The decrease in ROS levels could be caused by mechanisms other than the reduced levels of electron transport to the ETC. For example, MPTP closure, by itself, can lower ROS generation. The formation of MPTP is known to uncouple oxidative phosphorylation and causes an increase in ROS generation (Zorov et al., 2014). Therefore, it is possible that NAM-induced changes in ROS as well as Δψm are caused solely by MPTP closure. However, in this situation, the OCR and ATP production would not necessarily be low. Because this is not the case in NAM-treated cells, the decreases in ROS levels are likely to be independent of MPTP closure. Additionally, NAM has been proposed to decrease ROS levels in neurons by regenerating gluthathione (GSH) through increased levels of NADPH-dependent gluthathione reductase, thereby driving the oxidized state to a reduced state (Ghosh et al., 2012). This study, and some other studies, have hypothesized that NAM administration provides a larger pool of pyridine nucleotides (Klaidman et al., 2001). The NAD(P)H pool may eventually get larger via the supply of NAD+. However, in our study settings in vitro, NAM treatment did not elevate NADH/NAD+ levels, and cellular redox would certainly not be favorable for GSH regeneration.

NAM has been shown to have therapeutic effects in many diseases, including neurological disorders (Rennie et al., 2015). However, the underlying mechanisms of the effects of NAM are largely unknown. Cell death due to apoptosis, high levels of oxidative damage by ROS generation, and loss of Ca++ homeostasis are common hallmarks of adult onset neurodegenerative diseases; all are known to be associated with MPTP formation (Rao et al., 2014). Moreover, in aging and cellular senescence, mitochondrial degeneration occurs; this can be attributed to the increased formation of and vulnerability to MPTPs (Du and Yan, 2010; Jendrach et al., 2005; Kim et al, 2007). Key mitochondrial activities—such as the TCA cycle, amino acid and fat catabolism, and the urea cycle—and cellular bioenergetics could be promoted by high Δψm. NAM-induced MPTP closure and Δψm upregulation would therefore not only assist in the maintenance of cellular integrity, but also promote cell viability. Indeed, NAM treatment caused a substantial extension of cell lifespan in human fibroblasts and keratinocytes (Kang et al., 2006). In short, the longevity of fibroblasts, and the protection of neurons from age-related degeneration, attributable to NAM treatment, may be caused, at least in part, by MPTP closure.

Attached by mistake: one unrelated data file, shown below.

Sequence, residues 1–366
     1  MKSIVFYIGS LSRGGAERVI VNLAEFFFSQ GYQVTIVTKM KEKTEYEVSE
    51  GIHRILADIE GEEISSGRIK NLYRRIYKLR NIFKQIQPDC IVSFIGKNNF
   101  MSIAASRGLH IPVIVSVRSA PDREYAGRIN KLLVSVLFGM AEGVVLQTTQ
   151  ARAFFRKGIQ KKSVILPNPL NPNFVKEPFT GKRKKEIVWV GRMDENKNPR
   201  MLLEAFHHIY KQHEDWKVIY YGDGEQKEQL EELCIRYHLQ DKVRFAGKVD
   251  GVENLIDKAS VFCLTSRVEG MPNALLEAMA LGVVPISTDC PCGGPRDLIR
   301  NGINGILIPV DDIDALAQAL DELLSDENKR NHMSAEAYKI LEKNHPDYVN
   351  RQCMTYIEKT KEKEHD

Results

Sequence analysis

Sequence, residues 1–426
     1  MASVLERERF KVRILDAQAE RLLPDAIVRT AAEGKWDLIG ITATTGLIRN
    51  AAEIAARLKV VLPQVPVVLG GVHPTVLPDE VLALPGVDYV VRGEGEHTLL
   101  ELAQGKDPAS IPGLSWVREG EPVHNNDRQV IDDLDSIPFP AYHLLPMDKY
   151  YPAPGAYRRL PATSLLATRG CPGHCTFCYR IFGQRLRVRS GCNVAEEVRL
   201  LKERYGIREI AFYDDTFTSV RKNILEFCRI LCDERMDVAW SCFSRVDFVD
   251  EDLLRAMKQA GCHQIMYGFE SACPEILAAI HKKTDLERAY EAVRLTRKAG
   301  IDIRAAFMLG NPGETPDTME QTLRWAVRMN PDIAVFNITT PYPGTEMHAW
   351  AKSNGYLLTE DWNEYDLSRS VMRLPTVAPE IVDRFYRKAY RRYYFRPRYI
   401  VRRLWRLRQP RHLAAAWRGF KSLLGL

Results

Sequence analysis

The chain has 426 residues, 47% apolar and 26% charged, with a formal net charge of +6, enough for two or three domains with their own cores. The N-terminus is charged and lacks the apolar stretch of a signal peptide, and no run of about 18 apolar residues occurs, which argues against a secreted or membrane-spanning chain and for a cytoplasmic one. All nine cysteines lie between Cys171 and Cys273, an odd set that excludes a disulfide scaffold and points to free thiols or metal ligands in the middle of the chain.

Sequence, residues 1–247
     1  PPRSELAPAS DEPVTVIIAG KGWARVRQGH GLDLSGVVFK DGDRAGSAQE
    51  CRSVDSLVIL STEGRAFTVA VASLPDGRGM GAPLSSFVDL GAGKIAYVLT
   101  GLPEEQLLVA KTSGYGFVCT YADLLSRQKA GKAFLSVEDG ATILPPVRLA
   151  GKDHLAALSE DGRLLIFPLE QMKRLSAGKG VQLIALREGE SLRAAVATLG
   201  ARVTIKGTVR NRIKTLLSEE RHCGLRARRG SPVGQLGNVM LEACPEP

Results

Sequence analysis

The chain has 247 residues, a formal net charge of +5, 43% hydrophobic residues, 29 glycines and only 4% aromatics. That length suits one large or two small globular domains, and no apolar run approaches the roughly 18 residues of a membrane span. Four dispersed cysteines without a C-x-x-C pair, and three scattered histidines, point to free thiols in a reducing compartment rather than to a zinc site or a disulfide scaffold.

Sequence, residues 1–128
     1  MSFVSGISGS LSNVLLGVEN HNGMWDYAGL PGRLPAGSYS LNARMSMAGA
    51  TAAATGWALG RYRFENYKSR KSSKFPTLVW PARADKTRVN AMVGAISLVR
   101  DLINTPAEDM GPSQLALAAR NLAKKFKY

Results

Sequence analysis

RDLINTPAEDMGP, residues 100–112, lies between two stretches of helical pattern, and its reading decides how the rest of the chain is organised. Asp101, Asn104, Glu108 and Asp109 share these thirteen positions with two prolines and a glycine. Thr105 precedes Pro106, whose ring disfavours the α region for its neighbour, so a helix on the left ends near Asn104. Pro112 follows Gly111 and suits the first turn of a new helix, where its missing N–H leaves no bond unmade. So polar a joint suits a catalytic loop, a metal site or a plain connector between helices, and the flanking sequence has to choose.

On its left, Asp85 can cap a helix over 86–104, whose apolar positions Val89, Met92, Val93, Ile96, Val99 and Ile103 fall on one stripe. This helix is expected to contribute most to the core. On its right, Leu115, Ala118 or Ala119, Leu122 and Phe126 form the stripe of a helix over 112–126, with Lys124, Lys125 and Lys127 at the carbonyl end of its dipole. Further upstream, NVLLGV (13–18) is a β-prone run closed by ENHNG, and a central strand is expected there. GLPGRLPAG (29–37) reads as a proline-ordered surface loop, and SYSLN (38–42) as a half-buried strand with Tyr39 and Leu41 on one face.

Finally, it is noteworthy that NAM is a product of the deacetylase reaction of the sirtuin family of proteins (which includes SIRT1 and SIRT3); for this reason, it has been regarded and utilized as an inhibitor of SIRT1. However, SIRT1 activation, instead of inhibition, through an increase in the cellular NAD+/NADH ratio in treated cells, has been demonstrated previously and in this study (Jang et al., 2012; Lee et al., 2008). Furthermore, NAM treatment was also demonstrated here to increase the mitochondrial NAD+/NADH ratio, and thereby, cause an activation of mitochondrial sirtuin(s). Upon addition to cells, NAM is rapidly converted into NAD+, thereby exerting a stimulatory effect in vivo most of the time (Hwang and Song, 2017). This double-sidedness of effects is a property unique to NAM. Treating cells with nicotinamide mononucleotide (NMN) and nicotinamide riboside (NR), which are derivatives of NAM but that lack the sirtuin-inhibitory effect of NAM, were recently shown to increase mitochondrial NAD+ and conferred resistance against H2O2 toxicity in astrocytes (Harlan et al., 2016).

Our findings on the effects of NAM, such as the fact that its effects are separate from those induced by SIRT1 activation, certainly extend the understanding of the mechanisms that underlie the therapeutic effects of NAM and promote its safe utilization. Further, they also can promote development of better strategies of SIRT1 modulation towards cellular longevity.

Supplementary data


Article information

Mol. Cells.Jul 31, 2017; 40(7): 503-514.
Published online 2017-07-24. doi:  10.14348/molcells.2017.0081
<a href=";db=PubMed&amp;term=Seon+Beom+Song">Seon Beom Song</a>, <a href=";db=PubMed&amp;term=So-Young+Jang">So-Young Jang</a>, <a href=";db=PubMed&amp;term=Hyun+Tae+Kang">Hyun Tae Kang</a>, <a href=";db=PubMed&amp;term=Bie+Wei">Bie Wei</a>, <a href=";db=PubMed&amp;term=Un-woo+Jeoun">Un-woo Jeoun</a>, <a href=";db=PubMed&amp;term=Gye+Soon+Yoon">Gye Soon Yoon</a>, and <a href=";db=PubMed&amp;term=Eun+Seong+Hwang">Eun Seong Hwang</a>
1Department of Life Science, University of Seoul, Seoul 02504, Korea
2Department of Biomedical Science and Department of Biochemistry, Ajou University School of Medicine, Suwon 16499, Korea
Received May 19, 2017; Accepted June 15, 2017.
Articles from Mol. Cells are provided here courtesy of Mol. Cells